On 27 November, Johan Ysewyn and Annemarie ter Heegde (DG COMP) presented the highlights of recent EU cartel enforcement in their annual presentation at the Advanced EU Competition Law Conference in Brussels. They covered the developments in the traditional three pillars of enforcement, policy and court review.
In terms of enforcement, the European Commission ( “EC”) issued three settlement decisions, confirming the continued success of the settlement instrument. The only traditional infringement decision this year was the second re-adoption of the Reinforcing Bars decision, a procedural saga which had been ongoing since its first adoption in 2002. The EC granted a 50% fine reduction in recognition of the long duration of proceedings.
The EC wrapped up its second investigation in Occupant Safety Systems (II), bringing the total amount of cartel-related fines in the automotive sector to over €2 billion. The two Forex decisions are perhaps the most interesting: separate decisions were issued with respect to each of the chatrooms, under the name Three-Way Banana Split and Essex Express, in which the participating banks exchanged commercially sensitive information. A third leg of the investigation is ongoing.
As to policy output, the EC has been taking a number of measures to address the steady decline in European leniency applications – a topic which remains high on the agenda. In addition to the recently introduced anonymous whistle-blower tool and an increased focus on ex officio investigations (e.g. Alliance Casino & Intermarché), the EC has set up its new ELeniency tool, enabling companies to make online submissions in the context of leniency applications, settlement procedures and cooperating procedures. Covington, together with the Brussels School of Competition have organised a second survey on leniency, addressed to practitioners, regulators and companies, to verify the impact of these developments on their position towards the instrument. If you want to participate in the survey, please click here and we will send you the link.
Furthermore, Member States have until 4 February 2021 to implement the ECN+ Directive. This should give the National Competition Authorities additional instruments to enforce competition law alongside the EC in the European Cartel Network (“ECN”). Finally, the EC has also provided guidance on business secrets and voluntary confidentiality rings, to further facilitate access to file.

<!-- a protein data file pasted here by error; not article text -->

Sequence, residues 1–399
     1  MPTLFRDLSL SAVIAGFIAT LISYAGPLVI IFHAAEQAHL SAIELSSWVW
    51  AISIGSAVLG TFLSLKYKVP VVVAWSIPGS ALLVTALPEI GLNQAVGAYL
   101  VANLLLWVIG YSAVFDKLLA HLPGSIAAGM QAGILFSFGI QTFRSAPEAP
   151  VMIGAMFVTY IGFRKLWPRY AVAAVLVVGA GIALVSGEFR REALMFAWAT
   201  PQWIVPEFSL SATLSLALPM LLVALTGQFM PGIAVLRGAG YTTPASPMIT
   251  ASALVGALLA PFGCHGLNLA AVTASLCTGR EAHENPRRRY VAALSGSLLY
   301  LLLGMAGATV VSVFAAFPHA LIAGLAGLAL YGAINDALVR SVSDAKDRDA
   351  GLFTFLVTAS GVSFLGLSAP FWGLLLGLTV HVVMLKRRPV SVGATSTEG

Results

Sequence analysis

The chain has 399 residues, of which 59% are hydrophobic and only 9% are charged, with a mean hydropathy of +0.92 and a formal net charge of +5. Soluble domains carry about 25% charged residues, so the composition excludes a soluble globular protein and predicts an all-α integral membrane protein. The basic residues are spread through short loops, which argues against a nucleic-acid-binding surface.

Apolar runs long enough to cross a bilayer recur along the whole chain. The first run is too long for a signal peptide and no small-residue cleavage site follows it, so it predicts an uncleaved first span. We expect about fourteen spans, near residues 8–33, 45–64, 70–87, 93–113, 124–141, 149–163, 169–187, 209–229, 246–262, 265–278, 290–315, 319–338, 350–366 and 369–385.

The Courts have continued to closely scrutinise the EC’s decisions, recently focussing largely on the requirement to adequately state its reasons when departing from the standard methodology of the Fining Guidelines, leading it to annul the EC’s decision against Icap v Commission and HSBC v Commission, and to grant a 40% reduction of the fine in Pometon v Commission.
The order of leniency applications was discussed in Recylex v Commission, where the Court confirmed that an undertaking cannot move up the leniency order if another undertaking has been disqualified from leniency for not meeting its duty of cooperation.
In Campine v Commission, the Court found that the Commission should have taken account of the two significant gaps in Campine’s participation in the Car batter recycling cartel. Although Campine had not publicly distanced itself from the infringement during these periods, the Court found that the Commission should have brought forward additional evidence in order to find a single and continuous, rather than single and repeated infringements. This had a substantial impact on the duration of the cartel – and resulted in a fine reduction.
The Court also provided a welcome clarification to its position on hybrid settlements in Pometon v Commission, after it gave the EC a stark warning that it should respect the rights of defence of non-settling parties, and the presumption of their innocence in particular. It has now been made clear that staggered hybrid procedures are possible, insofar as the settlement decision does not contain a legal qualification of the role of the non-settling parties, but remains limited to a description of the facts in that respect.
Looking forward, the speakers expect a continued scrutiny of the proof and motivation of EC decisions by the Courts. Of interest in the next years will be cartels where the theory of harm revolves around restrictions of innovation, e.g. in the context of the Car Emissions investigation. The speakers expect deepening cooperation within the ECN and the continued scrutiny by the Commission of automotive, financial services and industrial sectors. The settlement instrument is expected to continue its success of recent years, yet the future of the leniency instrument is an area to watch – in particular in view of recent EC policy initiatives and increased cooperation within the ECN.